8th March 2018
International Women’s Day: Reflecting on women’s leadership
International Women’s Day is always a good day to reflect on women’s leadership. On IWD 2018, coming amidst the heightened awareness of the continuing blight of sexual harassment and discrimination generated by #MeToo and #TimesUp, it feels particularly pertinent.
An excellent article by Deborah Cadman and Martin Reeves in the MJ recently discussed the demise of the ‘heroic’ model of leadership: in today’s complex world where leaders operate within systems not just single organisations, the command and control approach to leadership cannot succeed. They argue that so-called ‘softer’ skills are needed – like influencing, empathy, collaboration – if we are to succeed in exercising leadership with the whole range of organisations, partner agencies, and individuals necessary to make our places succeed.
There is still a danger faced by women in particular (although not solely) that these skills are dismissed as not just soft but too soft by those who have succeeded in the past through a more macho way of securing change or getting their way. Being collaborative can be characterised as ‘just giving in to what partners want’; showing empathy can be dismissed as ‘over-emotional’; seeking to influence rather than command can be criticised as ‘wasting time’ and not ‘cutting to the chase’. If you don’t project the traditional (male) ‘hero’ image, you can sometimes – as has happened to me – be advised to ‘act into your authority’.
I was reminded of these different views about leadership when I saw a meme that has been going around social media. It is a photo of a pack of wolves and purports to show that the old and sick wolves are at the front so that they set the pace and no wolf is left behind, with the leader at the back taking care of the whole pack. Great! I thought, what a lovely metaphor from nature. Unfortunately, it’s not true! The stronger wolves do go at the front, to break through the snow and create a path for others. As a side issue, however, in these packs, the leader can be male or female, and the fact checker article makes the point that the concept of the ‘alpha’ leader is not as value-laden for animals as it is for humans.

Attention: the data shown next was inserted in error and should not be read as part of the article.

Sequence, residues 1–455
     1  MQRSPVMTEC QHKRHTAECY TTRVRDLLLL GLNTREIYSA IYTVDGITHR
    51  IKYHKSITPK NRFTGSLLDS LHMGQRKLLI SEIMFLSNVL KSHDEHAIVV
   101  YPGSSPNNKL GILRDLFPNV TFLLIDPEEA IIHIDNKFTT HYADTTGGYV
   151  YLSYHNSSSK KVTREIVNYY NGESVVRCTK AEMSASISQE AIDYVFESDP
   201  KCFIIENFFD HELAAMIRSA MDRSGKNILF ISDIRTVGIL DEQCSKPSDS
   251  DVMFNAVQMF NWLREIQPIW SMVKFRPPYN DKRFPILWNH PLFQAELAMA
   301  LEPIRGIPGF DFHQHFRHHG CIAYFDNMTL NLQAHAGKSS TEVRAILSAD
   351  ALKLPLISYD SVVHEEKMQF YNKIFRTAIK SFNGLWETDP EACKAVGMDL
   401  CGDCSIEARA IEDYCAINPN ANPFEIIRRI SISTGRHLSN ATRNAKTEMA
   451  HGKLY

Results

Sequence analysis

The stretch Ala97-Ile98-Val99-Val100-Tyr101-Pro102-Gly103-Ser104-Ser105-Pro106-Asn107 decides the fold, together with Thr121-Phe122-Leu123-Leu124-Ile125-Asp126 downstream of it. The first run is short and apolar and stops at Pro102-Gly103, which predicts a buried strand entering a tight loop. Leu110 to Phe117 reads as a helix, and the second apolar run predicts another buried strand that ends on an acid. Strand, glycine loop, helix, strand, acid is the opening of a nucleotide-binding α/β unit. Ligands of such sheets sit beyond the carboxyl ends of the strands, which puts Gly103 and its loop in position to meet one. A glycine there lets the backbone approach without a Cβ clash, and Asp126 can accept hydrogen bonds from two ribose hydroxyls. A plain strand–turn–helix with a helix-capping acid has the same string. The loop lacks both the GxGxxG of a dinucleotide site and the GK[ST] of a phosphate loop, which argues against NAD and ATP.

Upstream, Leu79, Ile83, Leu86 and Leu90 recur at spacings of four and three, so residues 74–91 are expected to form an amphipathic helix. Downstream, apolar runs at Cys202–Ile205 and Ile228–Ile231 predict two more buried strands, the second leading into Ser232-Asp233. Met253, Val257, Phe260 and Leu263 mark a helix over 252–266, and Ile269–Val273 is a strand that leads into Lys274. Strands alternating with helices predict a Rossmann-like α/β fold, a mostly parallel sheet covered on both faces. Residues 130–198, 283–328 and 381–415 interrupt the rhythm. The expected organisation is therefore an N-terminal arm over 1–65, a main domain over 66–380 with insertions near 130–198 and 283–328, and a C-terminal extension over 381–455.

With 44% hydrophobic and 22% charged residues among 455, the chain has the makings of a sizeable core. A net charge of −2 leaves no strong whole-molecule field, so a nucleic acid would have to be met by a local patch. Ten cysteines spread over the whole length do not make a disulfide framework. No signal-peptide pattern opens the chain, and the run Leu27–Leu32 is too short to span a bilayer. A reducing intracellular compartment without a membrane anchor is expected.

There are two things for women leaders to reflect on from all this, I think. One is that we shouldn’t look for someone else’s model of leadership to adopt – whether from wolves or other humans! The key is to be authentic and true to ourselves. We can use our own strengths, values, and innate skills and build on them as required.
The second, perhaps more important, is that different situations require different approaches to leadership.
Sometimes you need to be out front, breaking the snow and sharing a vision and direction. Sometimes you need to be aware of how it looks elsewhere in the system, to understand the situation from others’ point of view and see how well they are coping with the path you are all following. Sometimes you need to be brave and challenge the status quo. Sometimes you need to have patience and support others to strike out for themselves. The real leadership skill, perhaps, lies in understanding which approach is required when and exercising it effectively – possibly using several different approaches simultaneously.
Emotional intelligence, adaptability, multi-tasking: those sound like good women’s skills too. In that sense, I think the future could definitely be female. Happy International Women’s Day!
By Jessica Crowe, Assistant Director of Customers, Commissioning and Governance, London Borough of Sutton